The final major plot for the episode involved May and her ghostly touch. Simmons and Radcliffe must work together to figure out what is wrong with her, discover that her brain is being over-stimulated, and decide they need to kill her to reset her brain. Simmons’ reaction to the diagnosis and proposal is a great moment for her character, especially with as dark as she has gotten lately. She still cares about her old team members, so the idea of losing May terrifies her. When the power goes out at the moment she’s about to restart May’s heart, Simmons’ reaction of starting CPR and begging May to come back is very realistic and very much in-character for her. I’m still not sure how stopping May’s heart and restarting it undid the ghostly touch affect, but as far as plot devices go, this one did a good job of tying this plot in with the others.
|Image Courtesy www.screenrant.com|
One other note on the May plot concerns Director Mace. I really like what they have been doing with his character. Thus far we have been led to believe that Mace has some sort of ulterior motives and is not to be trusted. He is way too smooth and personable. He tries way too hard to be nice to Coulson. So when he refused to disclose May’s situation at the end of episode 2, we were to feel justified in mistrusting him. However, in this episode it turns out that he really did have everyone’s best interests at heart: he sent May to the best facility available. When that didn’t work, he brought her back to Simmons and Radcliffe since they are the (somewhat) experts. He does prevent Coulson from being there when they try to save her, but that is only because Coulson is too personally involved and is needed in Miami. I love Mace’s line to Coulson that “This is the call you would make in my position” because that is absolutely correct, and it shows that Coulson is not always in the right. I do wonder if eventually Mace will turn out to be a villain, but I really hope that he does not. I think that if they do it right, Mace can function in the same role on Agents of S.H.I.E.L.D. as Captain America does in the movies: he is the representative of “moral good” against whom all the other characters measure themselves and find themselves wanting.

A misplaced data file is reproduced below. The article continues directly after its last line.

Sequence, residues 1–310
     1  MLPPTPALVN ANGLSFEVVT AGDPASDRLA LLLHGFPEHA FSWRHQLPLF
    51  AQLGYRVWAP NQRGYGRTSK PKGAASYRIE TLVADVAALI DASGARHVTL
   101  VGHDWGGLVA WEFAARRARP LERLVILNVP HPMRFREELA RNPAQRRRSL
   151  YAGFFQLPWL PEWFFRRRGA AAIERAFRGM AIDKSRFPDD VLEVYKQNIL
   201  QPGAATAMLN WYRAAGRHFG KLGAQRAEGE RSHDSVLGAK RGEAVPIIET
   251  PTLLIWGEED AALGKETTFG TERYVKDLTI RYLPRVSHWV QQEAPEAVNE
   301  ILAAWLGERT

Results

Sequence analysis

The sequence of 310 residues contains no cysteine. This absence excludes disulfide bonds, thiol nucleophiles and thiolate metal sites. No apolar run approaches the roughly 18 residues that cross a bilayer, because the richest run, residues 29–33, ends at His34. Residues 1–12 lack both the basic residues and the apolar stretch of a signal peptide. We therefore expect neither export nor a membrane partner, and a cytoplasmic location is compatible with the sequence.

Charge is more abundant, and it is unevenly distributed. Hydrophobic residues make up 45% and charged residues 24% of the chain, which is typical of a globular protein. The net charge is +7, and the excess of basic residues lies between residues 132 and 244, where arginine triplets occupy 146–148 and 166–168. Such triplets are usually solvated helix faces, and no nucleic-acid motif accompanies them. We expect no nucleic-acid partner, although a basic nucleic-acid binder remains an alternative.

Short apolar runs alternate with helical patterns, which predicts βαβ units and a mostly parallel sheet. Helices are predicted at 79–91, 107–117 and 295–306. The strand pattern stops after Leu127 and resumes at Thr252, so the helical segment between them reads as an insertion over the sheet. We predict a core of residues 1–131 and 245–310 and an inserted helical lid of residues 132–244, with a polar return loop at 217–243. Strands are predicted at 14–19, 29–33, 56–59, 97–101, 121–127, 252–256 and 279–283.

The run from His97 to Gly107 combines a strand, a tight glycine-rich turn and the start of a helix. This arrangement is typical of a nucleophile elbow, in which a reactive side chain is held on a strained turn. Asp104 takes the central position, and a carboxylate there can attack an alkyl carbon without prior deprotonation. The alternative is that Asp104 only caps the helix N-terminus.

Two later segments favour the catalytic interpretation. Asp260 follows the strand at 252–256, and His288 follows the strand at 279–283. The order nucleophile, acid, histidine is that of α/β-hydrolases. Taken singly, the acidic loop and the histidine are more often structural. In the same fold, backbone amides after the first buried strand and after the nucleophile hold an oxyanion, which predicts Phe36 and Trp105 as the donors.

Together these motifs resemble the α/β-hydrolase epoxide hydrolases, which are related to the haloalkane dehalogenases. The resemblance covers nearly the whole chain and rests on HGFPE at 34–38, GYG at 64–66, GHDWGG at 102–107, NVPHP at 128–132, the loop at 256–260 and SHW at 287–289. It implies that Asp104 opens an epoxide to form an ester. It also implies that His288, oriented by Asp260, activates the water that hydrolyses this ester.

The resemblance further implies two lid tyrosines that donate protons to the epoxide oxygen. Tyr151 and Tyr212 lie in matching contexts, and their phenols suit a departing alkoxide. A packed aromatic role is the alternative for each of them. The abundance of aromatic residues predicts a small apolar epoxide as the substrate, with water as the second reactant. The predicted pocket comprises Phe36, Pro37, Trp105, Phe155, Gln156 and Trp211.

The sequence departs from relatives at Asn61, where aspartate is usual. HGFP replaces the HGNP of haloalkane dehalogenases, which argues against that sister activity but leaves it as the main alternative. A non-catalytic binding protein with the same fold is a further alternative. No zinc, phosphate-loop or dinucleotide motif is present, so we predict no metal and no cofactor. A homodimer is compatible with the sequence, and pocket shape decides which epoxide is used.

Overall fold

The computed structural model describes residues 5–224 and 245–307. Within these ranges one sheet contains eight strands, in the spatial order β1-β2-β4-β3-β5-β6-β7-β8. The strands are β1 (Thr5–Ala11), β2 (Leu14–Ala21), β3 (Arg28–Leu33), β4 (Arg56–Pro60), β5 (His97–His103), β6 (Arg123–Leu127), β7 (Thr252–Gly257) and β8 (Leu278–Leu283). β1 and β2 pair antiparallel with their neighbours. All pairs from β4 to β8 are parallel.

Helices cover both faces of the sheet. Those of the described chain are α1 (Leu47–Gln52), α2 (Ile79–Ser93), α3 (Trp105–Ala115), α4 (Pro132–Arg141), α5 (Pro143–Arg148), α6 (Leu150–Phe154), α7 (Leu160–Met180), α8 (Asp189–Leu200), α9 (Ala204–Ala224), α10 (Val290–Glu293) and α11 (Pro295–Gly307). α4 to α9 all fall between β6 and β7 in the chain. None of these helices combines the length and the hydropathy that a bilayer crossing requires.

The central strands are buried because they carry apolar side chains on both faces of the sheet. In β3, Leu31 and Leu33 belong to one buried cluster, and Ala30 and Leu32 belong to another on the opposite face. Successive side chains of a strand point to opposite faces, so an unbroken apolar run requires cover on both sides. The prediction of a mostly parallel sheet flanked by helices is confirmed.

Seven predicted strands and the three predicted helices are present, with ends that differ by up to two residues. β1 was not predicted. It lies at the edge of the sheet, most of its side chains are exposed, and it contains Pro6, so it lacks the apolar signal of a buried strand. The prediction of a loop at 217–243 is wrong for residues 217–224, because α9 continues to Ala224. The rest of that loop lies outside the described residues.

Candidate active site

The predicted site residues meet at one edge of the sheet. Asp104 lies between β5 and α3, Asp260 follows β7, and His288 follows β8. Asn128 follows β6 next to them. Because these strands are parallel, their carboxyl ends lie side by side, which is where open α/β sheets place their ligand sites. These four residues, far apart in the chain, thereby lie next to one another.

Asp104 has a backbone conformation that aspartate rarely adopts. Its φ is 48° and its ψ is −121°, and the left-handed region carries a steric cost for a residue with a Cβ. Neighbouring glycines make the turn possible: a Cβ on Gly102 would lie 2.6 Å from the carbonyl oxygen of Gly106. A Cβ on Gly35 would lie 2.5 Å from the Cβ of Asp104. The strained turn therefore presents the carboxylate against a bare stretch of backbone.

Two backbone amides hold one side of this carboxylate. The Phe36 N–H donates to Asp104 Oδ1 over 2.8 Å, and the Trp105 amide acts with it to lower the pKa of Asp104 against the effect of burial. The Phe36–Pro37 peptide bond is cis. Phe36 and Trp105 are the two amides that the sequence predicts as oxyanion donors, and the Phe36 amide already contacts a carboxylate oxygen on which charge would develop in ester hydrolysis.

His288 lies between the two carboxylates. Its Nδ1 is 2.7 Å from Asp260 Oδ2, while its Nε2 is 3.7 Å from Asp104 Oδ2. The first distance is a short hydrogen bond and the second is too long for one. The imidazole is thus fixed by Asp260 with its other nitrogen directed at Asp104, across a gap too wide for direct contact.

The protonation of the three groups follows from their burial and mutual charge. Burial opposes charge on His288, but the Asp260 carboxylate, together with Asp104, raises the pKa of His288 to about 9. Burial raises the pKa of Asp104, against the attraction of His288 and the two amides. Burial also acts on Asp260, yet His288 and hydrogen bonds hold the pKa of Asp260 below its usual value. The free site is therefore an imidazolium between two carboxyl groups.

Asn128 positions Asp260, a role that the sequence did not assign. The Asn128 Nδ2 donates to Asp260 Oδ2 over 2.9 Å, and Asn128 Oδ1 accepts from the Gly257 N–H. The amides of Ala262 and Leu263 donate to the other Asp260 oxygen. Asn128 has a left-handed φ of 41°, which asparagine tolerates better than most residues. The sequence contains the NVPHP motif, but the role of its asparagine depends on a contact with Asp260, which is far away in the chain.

I did have one serious negative concern with this episode. At the end it is revealed that 17 Inhumans were killed during the blackouts and ensuing rioting. However, we do not know any of these people, so we have no reason to feel anything for their loss. Why should we care about these 17 Inhumans instead of the thousands of people hurt during the rioting? Even seeing faces or seeing S.H.I.E.L.D.’s reaction to the news would have been better. I’m also not sure what I think of the senator at this moment, since she is nothing but dislikeable at the moment.
As a whole this episode was a strong continuation of the plot on all points. The characters get a lot of good moments. The effects are all great. The plot works together nicely. And this episode answers a lot of burning questions from the end of the previous season, particularly with regard to the Sokovia Accords. I was actually surprised that a network TV show would be willing during a heated election cycle to tackle the issue of registration, and that it would do so in this way. There is a definite case to be made that Inhuman Registration (and the Accords as a whole) is analogous to a firearm registration list: it’s a list of names saying “here are the people who have the ability to defend themselves and the ability to stand up to some form of tyranny.” And what happens to this List? It winds up in the wrong hands, and criminals/tyrants attempt to use it to take out major perceived threats. But it doesn’t have to be the Watchdogs behind the whole thing; a government could be backing them and using them to fuel fear against people with the ability to protect the innocent from oppression, and using that fear to capture all the power for themselves. “Registration inevitably leads to confiscation”—or in this case to murder or capture.
What did you think of this episode? Who do you think is backing the Watchdogs? Do you like what they are doing with Daisy’s character? Let me know in the comments!